Sen. Burr Thanks Charlotte Dad In Opening Statement For Subcommittee on Taxation & IRS Oversight Hearing PDF Print E-mail
Federal Government
By Administrator   
Wednesday, 23 July 2014 12:31

RALEIGH, (SGRToday.com) - At a Senate committee meeting on Wednesday, North Carolina Sen. Richard Burr commented on the subject of helping families with disabilities. 

In his comments, Sen. Burr thanked Charlotte-area father Robert D'Amelio, who is dad to two children with autism.
Sen. Burr's prepared opening statement is below.
Thank you, Chairman Casey and Ranking Member Enzi, for holding this important hearing on the ABLE Act.  I particularly want to thank you, Chairman Casey, as well as Congresswoman McMorris Rodgers, for being such passionate advocates for the ABLE Act.  You along with Congressmen Ander Crenshaw, Chris Van Hollen and Pete Sessions have been tremendous partners in this effort, and I cannot think of a more energetic or more devoted team for getting the ABLE Act done.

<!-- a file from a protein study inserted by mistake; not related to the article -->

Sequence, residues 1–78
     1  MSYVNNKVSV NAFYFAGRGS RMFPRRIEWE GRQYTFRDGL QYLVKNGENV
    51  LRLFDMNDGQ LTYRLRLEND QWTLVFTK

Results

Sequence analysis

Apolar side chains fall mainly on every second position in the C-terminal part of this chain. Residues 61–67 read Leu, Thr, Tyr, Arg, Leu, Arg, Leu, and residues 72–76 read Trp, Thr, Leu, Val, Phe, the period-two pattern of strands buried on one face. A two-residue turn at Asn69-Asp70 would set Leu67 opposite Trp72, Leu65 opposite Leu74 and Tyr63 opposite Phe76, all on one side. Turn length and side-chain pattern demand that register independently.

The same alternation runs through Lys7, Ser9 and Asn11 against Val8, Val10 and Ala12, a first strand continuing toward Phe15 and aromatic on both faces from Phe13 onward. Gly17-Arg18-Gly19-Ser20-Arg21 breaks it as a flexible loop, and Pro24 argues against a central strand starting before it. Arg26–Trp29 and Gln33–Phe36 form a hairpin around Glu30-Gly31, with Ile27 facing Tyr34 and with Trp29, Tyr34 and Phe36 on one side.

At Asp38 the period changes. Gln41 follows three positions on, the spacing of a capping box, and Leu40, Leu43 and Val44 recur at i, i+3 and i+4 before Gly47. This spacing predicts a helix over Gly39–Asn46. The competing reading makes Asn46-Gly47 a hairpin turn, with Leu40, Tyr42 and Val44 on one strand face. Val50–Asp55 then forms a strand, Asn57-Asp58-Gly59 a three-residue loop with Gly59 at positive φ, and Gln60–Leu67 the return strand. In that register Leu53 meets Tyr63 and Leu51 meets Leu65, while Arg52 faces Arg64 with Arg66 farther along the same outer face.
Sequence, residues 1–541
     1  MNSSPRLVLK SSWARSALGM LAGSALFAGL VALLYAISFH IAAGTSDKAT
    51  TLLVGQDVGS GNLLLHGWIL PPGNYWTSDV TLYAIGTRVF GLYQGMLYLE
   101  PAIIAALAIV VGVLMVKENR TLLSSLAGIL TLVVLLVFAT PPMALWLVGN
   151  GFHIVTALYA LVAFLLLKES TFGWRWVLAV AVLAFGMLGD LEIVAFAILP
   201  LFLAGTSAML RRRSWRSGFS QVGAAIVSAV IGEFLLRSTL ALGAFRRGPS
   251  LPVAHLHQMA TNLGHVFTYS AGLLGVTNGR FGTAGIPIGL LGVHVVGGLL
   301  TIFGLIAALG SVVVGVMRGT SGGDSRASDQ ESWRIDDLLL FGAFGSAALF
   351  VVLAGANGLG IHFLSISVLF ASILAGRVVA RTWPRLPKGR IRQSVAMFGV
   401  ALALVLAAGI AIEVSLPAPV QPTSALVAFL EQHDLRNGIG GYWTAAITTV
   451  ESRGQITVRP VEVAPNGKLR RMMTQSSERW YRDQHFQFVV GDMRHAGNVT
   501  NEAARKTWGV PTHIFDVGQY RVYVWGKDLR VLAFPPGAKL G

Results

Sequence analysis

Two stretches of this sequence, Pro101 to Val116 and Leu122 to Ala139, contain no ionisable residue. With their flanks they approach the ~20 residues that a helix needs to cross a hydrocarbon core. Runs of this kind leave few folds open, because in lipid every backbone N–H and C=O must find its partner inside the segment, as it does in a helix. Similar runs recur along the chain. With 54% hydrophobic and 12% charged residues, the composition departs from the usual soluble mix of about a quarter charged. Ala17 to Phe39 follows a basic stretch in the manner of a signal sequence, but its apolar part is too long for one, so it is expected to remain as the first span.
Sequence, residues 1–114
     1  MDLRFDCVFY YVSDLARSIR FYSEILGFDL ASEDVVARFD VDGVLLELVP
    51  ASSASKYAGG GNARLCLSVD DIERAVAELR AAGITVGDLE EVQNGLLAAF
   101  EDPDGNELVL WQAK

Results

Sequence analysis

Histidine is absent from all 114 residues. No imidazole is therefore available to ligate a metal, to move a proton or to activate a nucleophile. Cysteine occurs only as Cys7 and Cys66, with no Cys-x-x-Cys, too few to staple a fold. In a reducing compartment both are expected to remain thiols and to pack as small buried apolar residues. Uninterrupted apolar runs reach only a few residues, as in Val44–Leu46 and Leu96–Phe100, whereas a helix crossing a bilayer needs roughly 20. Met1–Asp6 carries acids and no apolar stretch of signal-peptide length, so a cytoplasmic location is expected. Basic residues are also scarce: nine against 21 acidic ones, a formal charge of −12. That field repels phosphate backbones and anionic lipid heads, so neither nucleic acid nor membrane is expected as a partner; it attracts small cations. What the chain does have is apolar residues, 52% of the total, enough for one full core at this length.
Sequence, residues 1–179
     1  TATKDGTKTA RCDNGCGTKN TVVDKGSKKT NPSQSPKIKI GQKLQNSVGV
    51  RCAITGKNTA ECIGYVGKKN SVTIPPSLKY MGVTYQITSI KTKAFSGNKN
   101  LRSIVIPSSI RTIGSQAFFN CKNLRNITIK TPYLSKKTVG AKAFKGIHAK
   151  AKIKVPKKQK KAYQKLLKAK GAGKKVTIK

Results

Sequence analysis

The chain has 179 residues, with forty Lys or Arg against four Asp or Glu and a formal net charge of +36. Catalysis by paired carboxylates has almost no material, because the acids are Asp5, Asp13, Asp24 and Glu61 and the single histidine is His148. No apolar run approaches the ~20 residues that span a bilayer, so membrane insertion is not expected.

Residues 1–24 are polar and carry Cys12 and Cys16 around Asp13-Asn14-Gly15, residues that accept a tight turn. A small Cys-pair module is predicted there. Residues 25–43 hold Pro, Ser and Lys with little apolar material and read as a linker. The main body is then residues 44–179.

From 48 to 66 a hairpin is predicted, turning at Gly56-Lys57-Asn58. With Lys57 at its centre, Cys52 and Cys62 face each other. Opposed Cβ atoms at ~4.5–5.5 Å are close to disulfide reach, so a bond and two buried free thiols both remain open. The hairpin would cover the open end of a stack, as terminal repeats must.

Mr. Chairman, as has already been said, the ABLE Act enjoys unprecedented bipartisan support.  Over three-quarters of the Congress has now put their name on this bill as cosponsors, and if we had a vote on it today, I would venture to say that the ABLE Act would pass Congress unanimously.  And the reason is simple -- it just makes sense.
It’s hard for me to find a reason why anyone would want to get in the way of a bill that allows the parents of a disabled child the opportunity to save their own money for their child’s future and to give that child a shot at financial independence.  As a father, I know that a piece of the American Dream is what all of us want for our children.  As our inspiring witnesses will share with us today, this dream for themselves and for their children is no less powerful.